Each set of cubs is cared for by an assigned handler who will spend four to five hours per day with the young cubs (the rest of the time the cubs sleep) helping them to; feed on a nutritional milk formula, assisting them learn to defecate, and most importantly providing a constant presence for them from which they gain security.
Cubs at this age will hide out in the same way that wild cubs will do, using the safe housing designed for them, and coming out to suckle and play when their surrogate mother returns. It is through this constant interaction with the assigned guide that the cubs gain confidence in their “mother” meaning they will have the confidence to follow their “mother” into the African Bush to experience their natural habitat.
The cubs are taken out on their first walks around the age of six-weeks old; they are easily frightened and rely on the handler for a sense of safety. Shortly after other handlers are introduced to the cubs to simulate a wild mother introducing her cubs to the rest of her pride, but the surrogate mother is always present to give the cubs the security they need.
As the cubs get older and gain in confidence they are taken on longer walks, covering greater distances and introduced to further members of the “pride”. It is through this careful bonding technique that the cubs are able to experience their natural surroundings, necessary for their pre-release training.
Cubs do need discipline to prevent them from injuring human handlers during their walks. The most effective and humane method is to administer a flick to the side of the muzzle whilst using the word "no" in an authoritative tone. Through this method the young cubs learn the limits of acceptable play behaviour with humans and soon understand the word "no" such that they will cease their play if the command is used. This is the only training that the cubs are given; all other behaviours are encouraged to develop through constant interaction with their environment, prey species that they encounter and through social bonding and play within their cub kin group.
Tourists are permitted to join the lion walks when the cubs are between six and eighteen months old and again are treated by the lions as dominant members of the pride. In allowing this participation the program raises awareness and generates funding to operate stage one of the program, as well as helping to raise finance for the later release stages.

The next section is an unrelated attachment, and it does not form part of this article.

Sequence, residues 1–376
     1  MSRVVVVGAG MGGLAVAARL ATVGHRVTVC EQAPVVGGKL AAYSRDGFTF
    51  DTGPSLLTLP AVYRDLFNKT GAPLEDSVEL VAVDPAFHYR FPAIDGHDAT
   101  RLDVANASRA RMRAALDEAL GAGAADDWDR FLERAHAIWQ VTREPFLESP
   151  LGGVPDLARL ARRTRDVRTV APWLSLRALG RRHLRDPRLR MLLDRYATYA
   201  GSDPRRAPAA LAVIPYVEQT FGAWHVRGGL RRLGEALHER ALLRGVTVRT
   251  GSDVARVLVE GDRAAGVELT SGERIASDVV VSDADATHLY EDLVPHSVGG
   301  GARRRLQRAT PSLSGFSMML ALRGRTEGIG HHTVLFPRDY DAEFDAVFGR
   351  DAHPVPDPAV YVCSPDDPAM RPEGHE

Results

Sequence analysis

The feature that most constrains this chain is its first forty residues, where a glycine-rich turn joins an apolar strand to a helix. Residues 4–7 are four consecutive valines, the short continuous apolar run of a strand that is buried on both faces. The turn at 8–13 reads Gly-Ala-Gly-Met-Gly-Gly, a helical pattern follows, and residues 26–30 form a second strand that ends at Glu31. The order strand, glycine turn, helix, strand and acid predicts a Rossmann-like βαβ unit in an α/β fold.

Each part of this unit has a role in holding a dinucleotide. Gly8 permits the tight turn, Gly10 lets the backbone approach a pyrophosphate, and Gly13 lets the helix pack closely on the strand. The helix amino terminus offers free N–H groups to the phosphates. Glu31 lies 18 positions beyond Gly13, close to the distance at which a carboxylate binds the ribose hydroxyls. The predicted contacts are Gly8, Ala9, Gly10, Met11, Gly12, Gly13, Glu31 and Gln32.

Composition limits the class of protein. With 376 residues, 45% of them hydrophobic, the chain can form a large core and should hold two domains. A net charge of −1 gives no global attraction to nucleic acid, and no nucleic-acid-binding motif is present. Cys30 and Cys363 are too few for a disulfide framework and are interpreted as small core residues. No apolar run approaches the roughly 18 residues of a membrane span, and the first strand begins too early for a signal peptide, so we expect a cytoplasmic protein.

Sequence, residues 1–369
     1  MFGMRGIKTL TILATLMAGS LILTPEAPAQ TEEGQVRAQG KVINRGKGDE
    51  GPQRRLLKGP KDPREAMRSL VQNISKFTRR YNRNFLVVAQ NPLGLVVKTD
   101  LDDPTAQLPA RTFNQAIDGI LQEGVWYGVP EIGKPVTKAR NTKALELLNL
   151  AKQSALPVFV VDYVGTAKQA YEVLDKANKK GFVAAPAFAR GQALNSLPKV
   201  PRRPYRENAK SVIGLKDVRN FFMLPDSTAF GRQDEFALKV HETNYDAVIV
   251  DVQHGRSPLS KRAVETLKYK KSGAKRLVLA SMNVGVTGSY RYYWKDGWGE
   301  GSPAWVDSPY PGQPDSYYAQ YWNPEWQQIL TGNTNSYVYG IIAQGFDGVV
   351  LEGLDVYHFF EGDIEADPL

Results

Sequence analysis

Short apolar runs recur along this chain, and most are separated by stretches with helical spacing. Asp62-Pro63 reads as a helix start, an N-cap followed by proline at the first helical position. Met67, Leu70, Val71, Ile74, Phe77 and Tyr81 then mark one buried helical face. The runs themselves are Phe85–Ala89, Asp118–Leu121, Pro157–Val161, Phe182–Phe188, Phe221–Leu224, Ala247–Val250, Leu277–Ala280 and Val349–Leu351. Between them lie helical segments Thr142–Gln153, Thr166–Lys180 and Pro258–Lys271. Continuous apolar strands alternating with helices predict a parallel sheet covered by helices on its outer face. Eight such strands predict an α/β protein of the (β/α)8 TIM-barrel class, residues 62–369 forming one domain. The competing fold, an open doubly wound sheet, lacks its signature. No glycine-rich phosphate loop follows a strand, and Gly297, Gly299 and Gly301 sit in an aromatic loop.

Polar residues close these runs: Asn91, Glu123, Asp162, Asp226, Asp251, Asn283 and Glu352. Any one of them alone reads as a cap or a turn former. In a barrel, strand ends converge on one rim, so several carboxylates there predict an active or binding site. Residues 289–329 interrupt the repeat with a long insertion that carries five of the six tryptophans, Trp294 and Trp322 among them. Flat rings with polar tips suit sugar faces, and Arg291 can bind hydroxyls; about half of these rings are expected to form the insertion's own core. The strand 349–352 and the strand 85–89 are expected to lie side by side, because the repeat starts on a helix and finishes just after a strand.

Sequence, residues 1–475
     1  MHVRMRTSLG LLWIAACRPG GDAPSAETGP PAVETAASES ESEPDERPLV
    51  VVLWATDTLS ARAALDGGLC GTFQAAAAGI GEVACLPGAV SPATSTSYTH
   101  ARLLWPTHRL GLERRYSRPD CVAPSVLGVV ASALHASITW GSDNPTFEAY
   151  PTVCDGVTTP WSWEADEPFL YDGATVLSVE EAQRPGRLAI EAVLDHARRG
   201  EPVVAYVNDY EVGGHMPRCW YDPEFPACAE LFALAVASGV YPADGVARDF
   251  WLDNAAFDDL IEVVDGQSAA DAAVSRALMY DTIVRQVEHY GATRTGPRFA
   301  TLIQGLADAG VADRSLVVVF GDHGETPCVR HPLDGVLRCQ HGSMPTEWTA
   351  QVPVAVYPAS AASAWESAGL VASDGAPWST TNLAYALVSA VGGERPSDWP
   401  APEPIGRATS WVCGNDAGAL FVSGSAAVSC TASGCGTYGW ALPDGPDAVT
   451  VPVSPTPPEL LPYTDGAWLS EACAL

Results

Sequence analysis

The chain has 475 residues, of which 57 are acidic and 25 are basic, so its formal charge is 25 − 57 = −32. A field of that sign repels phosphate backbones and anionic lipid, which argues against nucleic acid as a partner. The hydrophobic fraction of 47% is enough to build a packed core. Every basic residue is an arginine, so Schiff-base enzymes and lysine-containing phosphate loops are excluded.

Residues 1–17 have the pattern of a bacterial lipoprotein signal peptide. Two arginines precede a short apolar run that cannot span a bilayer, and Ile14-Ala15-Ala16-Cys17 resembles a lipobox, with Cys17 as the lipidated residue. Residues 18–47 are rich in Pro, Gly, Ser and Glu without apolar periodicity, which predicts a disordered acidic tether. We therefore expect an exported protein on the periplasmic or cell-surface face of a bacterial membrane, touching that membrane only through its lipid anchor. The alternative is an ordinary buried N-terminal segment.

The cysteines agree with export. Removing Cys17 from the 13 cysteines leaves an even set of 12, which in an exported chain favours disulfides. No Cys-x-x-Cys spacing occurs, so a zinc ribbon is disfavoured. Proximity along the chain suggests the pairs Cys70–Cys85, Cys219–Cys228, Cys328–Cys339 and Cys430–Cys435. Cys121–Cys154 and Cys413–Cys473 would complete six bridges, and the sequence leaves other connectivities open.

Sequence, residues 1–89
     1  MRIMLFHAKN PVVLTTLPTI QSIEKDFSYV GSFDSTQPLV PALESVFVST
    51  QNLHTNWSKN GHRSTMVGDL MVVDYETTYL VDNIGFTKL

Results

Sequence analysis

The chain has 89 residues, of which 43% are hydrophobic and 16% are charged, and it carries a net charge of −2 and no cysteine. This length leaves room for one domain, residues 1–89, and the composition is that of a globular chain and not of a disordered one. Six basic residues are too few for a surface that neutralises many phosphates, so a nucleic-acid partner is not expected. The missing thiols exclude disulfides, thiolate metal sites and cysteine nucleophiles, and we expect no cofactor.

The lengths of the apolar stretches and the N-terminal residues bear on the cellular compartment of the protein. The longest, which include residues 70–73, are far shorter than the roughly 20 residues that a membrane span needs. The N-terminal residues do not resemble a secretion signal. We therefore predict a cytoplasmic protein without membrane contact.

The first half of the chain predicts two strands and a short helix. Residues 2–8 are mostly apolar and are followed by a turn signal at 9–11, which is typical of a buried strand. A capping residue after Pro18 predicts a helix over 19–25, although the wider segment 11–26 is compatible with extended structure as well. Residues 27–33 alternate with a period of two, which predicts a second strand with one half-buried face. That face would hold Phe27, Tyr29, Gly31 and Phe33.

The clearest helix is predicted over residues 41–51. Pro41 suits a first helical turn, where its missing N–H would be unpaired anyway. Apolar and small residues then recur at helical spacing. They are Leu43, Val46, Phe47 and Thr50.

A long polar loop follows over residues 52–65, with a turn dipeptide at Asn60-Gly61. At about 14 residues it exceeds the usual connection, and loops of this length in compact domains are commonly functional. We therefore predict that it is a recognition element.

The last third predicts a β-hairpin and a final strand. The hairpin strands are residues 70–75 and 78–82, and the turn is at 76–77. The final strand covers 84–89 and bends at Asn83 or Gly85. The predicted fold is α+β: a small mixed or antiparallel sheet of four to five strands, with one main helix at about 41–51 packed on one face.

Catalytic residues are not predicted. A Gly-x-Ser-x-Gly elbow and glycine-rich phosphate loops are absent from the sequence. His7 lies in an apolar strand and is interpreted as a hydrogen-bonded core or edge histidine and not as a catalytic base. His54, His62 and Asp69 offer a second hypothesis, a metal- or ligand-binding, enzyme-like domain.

“An assessment was undertaken jointly by a team comprising an independent consultant biologist and two members of the Zimbabwe Parks & Wildlife Management Authority. The team reported favourably on this rather unique and specialised activity and their assessment was generally supportive of "Walk with Lions"… WWF SARPO has no objections to operations of this nature, provided the principles and practices as developed and implemented by Antelope Park are adhered to.” (from a report compiled by Dr. R.D. Taylor, Conservation Programme Director for the WWF Southern African Regional Programme Office (SARPO) 10 January 2005)
Developing the Cubs’ Natural Hunting Instincts
The cubs will often encounter game on their walks including small antelope such as duiker or steenbok, and larger species such as wildebeest, zebra or buffalo. It is through repeated exposure to these prey species that the lions are given the opportunity to hone their natural hunting instincts. When the cubs are very young they will do little more than watch the prey. Around the age of six-months old they make tentative steps towards the animals they encounter, and even make their first real efforts at stalking. Much of the practice needed for this hunting development comes from the play in which the young cubs constantly engage. Needless to say these early attempts are unsuccessful. By one-year old the cubs have enough confidence to give chase, and their stalking techniques are developing well. Around 12-15 months old many of the cubs are making their first kills, often birds, monitor lizards or small and young antelope although larger prey are sometimes taken if the individual is old or weakened in some way.